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 Recuriting Success Lessons Learned

Three Steps to Recruiting Success

Most organizations look at recruiting as a departmental function managed by HR. However, while important to all types of companies, successful recruiting is absolutely mission critical for software technology companies which achieve business success through the creation, distribution and support of intellectual property.

As CEO of three software technology companies over the last 16 years, I’ve recruited, interviewed, hired and fired plenty of staff while simultaneously trying to learn from the experiences and understand how to do it better. I’ve compared notes with dozens of other CEOs, many of whom believe that you create a systemic process, but at the end of the day it’s a crap shoot. While plenty of recruiting experts suggest that the recruiting process is more art than science, it’s been my experience that there are plenty of lessons learned which collectively add science and predictability to the process.

I’ve found that by insisting that recruiting be a company core competency (and not a departmental HR function) and evaluating candidates by comparing them to the characteristics of over-achievers and the behaviors cited by the legendary Jack Welch, you can dramatically improve your ability to hire and retain great talent. Here’s the process that works for me.

Make Recruiting a Core Competency

Making recruiting a company’s core competency begins with executive sponsorship by the CEO. The CEO must be visible, vocal and active in pushing the enterprise-wide agenda, securing management commitment, systemically implementing a repeatable process and committing the company to a course of continuous process improvement. To drive change, adoption and sustainability, CEO’s are wise to implement a progressive communication plan that advances the recruiting messaging along a continuum, from awareness to interest to understanding to engagement. This multiple phase communication approach, along with referencing plenty of vision, facts and data, will slowly but steadily permeate the corporate culture and achieve staying power. While the CEO never stops acting as the chief recruiter, long term success is contingent upon recruiting being co-driven by a senior HR executive and the recruiting culture being integral and pervasive throughout the company.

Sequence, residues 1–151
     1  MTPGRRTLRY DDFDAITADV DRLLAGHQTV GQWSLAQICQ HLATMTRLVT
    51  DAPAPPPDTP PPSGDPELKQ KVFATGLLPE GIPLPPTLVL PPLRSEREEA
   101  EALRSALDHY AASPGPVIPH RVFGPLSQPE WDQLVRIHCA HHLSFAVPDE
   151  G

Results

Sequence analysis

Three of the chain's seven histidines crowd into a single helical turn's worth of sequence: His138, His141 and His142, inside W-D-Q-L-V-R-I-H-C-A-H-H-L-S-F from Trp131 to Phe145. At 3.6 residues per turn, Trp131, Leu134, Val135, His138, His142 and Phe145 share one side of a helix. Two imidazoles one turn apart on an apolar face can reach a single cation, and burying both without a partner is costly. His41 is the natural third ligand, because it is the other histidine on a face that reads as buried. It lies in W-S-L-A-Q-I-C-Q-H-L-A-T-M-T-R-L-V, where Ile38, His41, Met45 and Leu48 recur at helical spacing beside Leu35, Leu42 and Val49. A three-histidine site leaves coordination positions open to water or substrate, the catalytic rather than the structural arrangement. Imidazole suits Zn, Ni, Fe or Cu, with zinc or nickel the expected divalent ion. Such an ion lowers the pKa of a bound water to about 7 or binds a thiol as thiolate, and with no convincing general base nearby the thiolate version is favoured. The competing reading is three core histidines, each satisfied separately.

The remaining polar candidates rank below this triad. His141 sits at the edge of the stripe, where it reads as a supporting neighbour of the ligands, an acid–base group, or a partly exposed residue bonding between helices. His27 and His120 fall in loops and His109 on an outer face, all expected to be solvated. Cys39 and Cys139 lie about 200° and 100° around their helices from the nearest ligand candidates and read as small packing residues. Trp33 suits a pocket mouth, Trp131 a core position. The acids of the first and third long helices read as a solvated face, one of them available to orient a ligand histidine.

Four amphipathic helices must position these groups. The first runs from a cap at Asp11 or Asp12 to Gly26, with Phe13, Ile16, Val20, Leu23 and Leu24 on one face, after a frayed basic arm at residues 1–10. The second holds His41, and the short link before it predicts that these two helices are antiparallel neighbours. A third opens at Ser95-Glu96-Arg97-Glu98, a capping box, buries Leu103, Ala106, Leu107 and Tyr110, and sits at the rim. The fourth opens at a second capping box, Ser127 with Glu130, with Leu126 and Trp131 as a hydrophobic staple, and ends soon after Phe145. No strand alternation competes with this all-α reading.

Characteristics of Over-Achievers

Comparing candidates with the characteristics of over-achievers has been the single greatest contribution to my hiring success. For each characteristic, it’s important to dive deep into the detail in order to truly understand and vet the response. Below are the top five characteristics.

  1. Initiative. Staff without initiative require increased management time, sometimes micro management, and hold back the company’s advancement. To verify initiative, have the candidate provide an example where he or she demonstrated exceptional or extraordinary initiative for their prior employer. It’s critical to separate those people who make things happen from those people who things happen to.
  2. Ability to execute. Good ideas are important, but implementing and executing good ideas are what separates activity from progress. Too many companies fail to advance because they fail to execute. To mitigate this concern, have each candidate provide an example where they have completed a challenging and important project on time and on budget or otherwise achieved significant success. Again, get into the specifics and substantiate the details. Understand the project scope, goals, budget, team, constraints, challenges and journey. Dig in to understand if your candidate was a bystander, strong contributing participant or the leader. I often ask candidates to describe managing a project that was under-resourced (in terms of staffing or funding) or not given enough time.
  3. Leadership and team work. Successful business and successful sports teams have a lot in common – discipline, preparation, practice and an understanding that a integrated team is far more powerful than any superstar athlete. To vet this characteristic, I ask recruiting candidates to share an experience where they led a team under particularly difficult times. I also ask them to describe a project or business initiative where they led a team to a successful conclusion. Again, get into the details, find out who were the primary resources on their team, what were the challenges incurred and how do they resolve those challenges. Finally, ask what’s the most significant business decision they have ever made.
  4. Proven track record. Getting staff with prior success is a proven method to accelerate your company’s advancement. To validate prior success, consider probing questions such as the following:
    • What extraordinary successes have you achieved previously and what caused you to be successful?
    • What are your significant professional accomplishments?
    • Why are they significant?
    • How did the company benefit?
  5. Ability to adapt. No two companies are the same. Staff that are unable to transition to a new company culture will stop a company’s progress cold. Inquire with candidates to understand how the culture of their last two employers were different and how they adapted to those differences.